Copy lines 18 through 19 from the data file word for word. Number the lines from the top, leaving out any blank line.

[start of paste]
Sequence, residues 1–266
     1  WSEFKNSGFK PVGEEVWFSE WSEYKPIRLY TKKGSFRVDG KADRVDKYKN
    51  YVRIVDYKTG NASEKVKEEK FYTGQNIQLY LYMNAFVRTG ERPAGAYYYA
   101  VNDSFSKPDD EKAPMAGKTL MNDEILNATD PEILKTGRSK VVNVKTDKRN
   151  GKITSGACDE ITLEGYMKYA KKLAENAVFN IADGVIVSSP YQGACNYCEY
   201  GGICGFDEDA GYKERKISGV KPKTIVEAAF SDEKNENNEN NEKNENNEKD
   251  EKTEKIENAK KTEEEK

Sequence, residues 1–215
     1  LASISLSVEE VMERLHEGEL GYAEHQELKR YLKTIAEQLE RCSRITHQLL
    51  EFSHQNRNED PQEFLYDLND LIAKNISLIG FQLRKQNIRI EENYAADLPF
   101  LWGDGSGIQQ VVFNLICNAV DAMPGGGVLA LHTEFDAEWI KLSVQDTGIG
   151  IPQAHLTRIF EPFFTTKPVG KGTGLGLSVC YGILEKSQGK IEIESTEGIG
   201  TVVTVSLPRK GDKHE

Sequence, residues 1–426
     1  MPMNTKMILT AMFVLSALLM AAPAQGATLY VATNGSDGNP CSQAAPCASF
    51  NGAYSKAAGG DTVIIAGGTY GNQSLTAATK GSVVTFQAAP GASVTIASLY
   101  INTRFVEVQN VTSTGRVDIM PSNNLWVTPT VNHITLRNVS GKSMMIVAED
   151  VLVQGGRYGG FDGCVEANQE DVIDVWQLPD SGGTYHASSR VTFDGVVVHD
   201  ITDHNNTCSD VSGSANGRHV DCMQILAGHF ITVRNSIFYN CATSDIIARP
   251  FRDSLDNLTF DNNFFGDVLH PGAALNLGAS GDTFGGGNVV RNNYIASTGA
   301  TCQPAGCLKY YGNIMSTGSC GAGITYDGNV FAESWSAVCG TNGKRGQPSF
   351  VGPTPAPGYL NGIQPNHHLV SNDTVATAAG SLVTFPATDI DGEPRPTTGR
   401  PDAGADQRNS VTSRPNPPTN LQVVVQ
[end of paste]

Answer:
   151  VLVQGGRYGG FDGCVEANQE DVIDVWQLPD SGGTYHASSR VTFDGVVVHD
   201  ITDHNNTCSD VSGSANGRHV DCMQILAGHF ITVRNSIFYN CATSDIIARP